Monday, November 26, 2012

The Frenchmen: Part Two

One of the trickier aspects of dealing lesser known character actors is simply the accurate identification of them. In this screen grab from Disney's Million Dollar Duck from 1971, we seen the well known veteran Edward Andrews (1915-85) in the foreground. He is on the telephone with the fourth in our group of Frenchmen we've been looking at. This film is the last credit I can find for the actor Peter Camlin. I have been able to find out almost nothing about him. One source says he was born on Septermber 5, 1902 in Enghein, France under the name Pierre Gansevoort Nazzari. He appears to have died December 17, 1985 in Los Angeles. I can find no theatrical or dramatic radio credits for him. The earliest film credit of his appears to be 1938's Artists and Models Abroad; followed by such well known pictures as Passage to Marseille (as a French Sergeant); The Razor's Edge; Show Boat (1951 version as a Croupier); An American in Paris; Gentlmen Prefer Blondes (as a Gendarme); Hitchcock's Man Who Knew Too Much (Headwaiter); Unskinkable Molly Brown (French Waiter); Boeing, Boeing (French Taxi Driver); and Disney's Monkeys Go Home! (Cabinet Maker). He worked in television as well, appearing in Hitchcock's series; Climax!; One Step Beyond; Boris Karloff's Thriller; Combat!; Bewitched; and Mayberry RFD in 1970 as what else...? a Maitre d'. How can someone whose career is at least 35 years long simply disappear. Can anyone out there answer the question... whatever happened to Peter Camlin ? Certainly the most familiar Frenchman from the 1950s to the 1980s would be the remarkably prolific Maurice Marsac.
He was born in LaCroix, France March 23, 1915 as Maurice Louis Ferrat. He changed his name after coming to America in 1947 to Maurice Marsac and he worked under that name ever after. Before leaving his native France, he had served in the French Army reserves as a captain, and worked as a secretary for the French Embassy in London until the outbreak of World War II. He returned to France and worked for the French Resistance during the war. His film debut appears to be Paris After Dark in 1943; followed by a good number of well known films including To Have and Have Not; The Razor's Edge (as a Maitre d'); Assignment Paris (Gendarme); April In Paris; How to Marry a Millionaire; Lafayette Escadrille; Gig; Can-Can; King of Kings (barely recognizable as Nicodemus); Poseidon Adventure; The Jerk; The Big Red One; and his last known feature, the 1987 Dragnet, as what else... a Maitre d'! There was probably no more familiar Frenchmen in television during the 1950s and 1970s than Monsieur Marsac. His credits read like the history of classic television...He fed snails to Lucy Ricardo on I Love Lucy; taught French at Our Miss Brooks' high school; was a villain on Superman; he worked multiple times with Burns and Allen and Red Skelton on their series in the 1950s; he provided French support on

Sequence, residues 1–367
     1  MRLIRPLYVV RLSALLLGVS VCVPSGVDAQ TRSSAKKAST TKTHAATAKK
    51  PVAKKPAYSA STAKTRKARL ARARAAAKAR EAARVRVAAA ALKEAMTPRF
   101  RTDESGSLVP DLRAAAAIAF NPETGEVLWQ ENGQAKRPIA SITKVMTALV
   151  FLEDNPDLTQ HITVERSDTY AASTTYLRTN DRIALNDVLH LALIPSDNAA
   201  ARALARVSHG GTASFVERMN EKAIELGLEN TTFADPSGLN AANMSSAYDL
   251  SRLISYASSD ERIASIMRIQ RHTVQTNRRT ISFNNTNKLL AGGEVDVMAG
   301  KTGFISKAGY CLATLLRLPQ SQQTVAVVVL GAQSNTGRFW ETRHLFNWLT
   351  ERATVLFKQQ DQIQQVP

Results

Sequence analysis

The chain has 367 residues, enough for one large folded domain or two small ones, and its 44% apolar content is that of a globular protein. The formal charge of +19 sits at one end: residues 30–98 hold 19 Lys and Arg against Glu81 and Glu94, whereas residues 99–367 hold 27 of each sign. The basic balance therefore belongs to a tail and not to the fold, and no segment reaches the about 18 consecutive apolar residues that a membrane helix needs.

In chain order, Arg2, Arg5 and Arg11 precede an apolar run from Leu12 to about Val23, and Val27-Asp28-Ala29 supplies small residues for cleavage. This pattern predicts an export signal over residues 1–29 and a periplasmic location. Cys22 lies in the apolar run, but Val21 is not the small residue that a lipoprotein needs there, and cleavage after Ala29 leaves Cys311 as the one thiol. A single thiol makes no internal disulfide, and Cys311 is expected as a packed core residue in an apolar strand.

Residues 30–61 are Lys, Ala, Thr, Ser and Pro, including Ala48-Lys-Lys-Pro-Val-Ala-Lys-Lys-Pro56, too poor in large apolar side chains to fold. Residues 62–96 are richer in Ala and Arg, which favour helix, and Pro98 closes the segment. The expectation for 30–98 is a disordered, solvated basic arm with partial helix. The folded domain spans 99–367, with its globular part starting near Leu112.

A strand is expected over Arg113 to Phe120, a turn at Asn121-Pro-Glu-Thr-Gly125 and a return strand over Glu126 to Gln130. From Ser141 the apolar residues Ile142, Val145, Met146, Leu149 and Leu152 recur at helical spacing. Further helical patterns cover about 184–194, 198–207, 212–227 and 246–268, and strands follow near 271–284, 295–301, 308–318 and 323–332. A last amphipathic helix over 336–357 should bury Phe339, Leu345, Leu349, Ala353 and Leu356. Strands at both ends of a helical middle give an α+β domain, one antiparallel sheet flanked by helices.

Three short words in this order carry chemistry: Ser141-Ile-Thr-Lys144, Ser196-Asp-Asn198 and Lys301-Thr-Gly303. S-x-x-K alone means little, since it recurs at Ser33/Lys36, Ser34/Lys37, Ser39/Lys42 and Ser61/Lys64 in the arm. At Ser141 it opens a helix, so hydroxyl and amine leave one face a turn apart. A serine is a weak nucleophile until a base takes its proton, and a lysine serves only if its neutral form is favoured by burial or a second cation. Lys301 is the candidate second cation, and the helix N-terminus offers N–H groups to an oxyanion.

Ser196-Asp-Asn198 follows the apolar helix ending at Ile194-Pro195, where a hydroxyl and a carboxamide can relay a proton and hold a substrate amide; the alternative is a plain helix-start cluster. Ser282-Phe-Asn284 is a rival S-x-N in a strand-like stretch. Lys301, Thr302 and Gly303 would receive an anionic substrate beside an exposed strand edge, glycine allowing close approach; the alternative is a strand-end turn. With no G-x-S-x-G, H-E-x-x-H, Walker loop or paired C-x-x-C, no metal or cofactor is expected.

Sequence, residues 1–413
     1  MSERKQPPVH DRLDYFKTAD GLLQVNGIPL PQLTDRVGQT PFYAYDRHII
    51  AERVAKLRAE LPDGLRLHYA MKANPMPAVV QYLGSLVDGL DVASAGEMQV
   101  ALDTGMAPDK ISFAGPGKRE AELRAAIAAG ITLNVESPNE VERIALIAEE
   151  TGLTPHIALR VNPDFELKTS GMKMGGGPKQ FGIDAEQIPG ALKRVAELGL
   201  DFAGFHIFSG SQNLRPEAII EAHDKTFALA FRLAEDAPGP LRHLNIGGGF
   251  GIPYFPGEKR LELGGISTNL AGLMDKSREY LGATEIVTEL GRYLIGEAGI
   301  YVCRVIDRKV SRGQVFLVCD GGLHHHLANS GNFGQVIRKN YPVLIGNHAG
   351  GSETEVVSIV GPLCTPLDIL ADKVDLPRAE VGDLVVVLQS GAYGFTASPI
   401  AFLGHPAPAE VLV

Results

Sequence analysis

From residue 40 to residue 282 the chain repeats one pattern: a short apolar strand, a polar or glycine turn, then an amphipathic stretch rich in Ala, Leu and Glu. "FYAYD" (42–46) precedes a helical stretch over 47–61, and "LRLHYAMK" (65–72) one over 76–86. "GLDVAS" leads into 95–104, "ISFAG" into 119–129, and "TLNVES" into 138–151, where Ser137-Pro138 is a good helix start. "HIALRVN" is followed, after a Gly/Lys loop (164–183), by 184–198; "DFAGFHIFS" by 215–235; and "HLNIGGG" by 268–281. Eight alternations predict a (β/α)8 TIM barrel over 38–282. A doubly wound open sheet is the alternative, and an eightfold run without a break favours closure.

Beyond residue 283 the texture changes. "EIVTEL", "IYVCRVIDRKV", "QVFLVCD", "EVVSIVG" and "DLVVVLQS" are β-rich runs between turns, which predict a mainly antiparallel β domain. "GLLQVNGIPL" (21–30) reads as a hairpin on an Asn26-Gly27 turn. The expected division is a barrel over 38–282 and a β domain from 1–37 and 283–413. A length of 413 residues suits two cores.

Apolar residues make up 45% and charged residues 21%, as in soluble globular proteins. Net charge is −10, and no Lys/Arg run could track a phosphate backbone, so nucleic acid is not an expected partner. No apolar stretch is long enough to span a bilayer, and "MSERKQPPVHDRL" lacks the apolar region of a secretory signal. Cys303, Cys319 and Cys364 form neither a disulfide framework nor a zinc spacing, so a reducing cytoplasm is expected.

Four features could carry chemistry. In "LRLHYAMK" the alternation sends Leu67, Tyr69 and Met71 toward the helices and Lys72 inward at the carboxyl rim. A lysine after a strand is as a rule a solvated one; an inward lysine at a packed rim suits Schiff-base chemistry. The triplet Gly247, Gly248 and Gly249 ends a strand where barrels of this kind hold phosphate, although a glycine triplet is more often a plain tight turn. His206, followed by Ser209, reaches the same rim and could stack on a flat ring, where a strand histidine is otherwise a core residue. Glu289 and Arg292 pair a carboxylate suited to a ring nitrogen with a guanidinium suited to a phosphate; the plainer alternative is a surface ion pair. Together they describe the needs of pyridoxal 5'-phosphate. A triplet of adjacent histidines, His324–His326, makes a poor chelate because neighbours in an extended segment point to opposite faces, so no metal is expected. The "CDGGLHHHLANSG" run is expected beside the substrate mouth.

westerns when called for, such as Adventures of Jim Bowie; Northwest Passage; and Daniel Boone. He appeared in many police/detective series such as Public Defender; Peter Gunn; Markham; The Rogues; It Takes a Theif; Mission: Impossible; Mannix; Columbo; McCloud; The New Avengers; The Rockford Files; Barnaby Jones; Hart to Hart; The A-Team; and L.A. Law. He was particularly adept at comedy and in addition to those already mentioned, he continued to appear in top sitcoms such as Real McCoys; My Favorite Martian; Beverly Hillbillies; Hazel; Green Acres; Hogan's Heroes; My Three Sons; Bewitched; Soap; Family Ties; Facts of Life; and Night Court, just to name a small sampling. Maurice appears to have retired from acting in 1988, but he hardly decided to sit at home! For years, he and his wife Melanie (they married in 1952) participated in the world of Croquet. They would tour the world playing in tournaments and it became such an obsession that they remained active in this endeavor for the rest of their lives. Maurice was named resident pro at two Croquet clubs in Newport Beach and he was considered a valuable teacher at the famed Beverly Hills Croquet Club. Around 1996 the Marsacs moved from southern California to northern California (the outskirts of Santa Rosa), where they continued their love for croquet. At one point, late in his life, Marsac was considered in the top 5% of croquet players worldwide! Maurice's wife of 55 years Melanie, died at age 90 in April of 2007 at their home in Oakmont. Less than three weeks later, on May 6, Maurice passed away at 92 from cardiac arrest at a hospital in Santa Rosa. The couple was once described as..."Maurice and Melanie were lively, exciting and wonderful, wonderful people who did not know how to have a dull conversation". 

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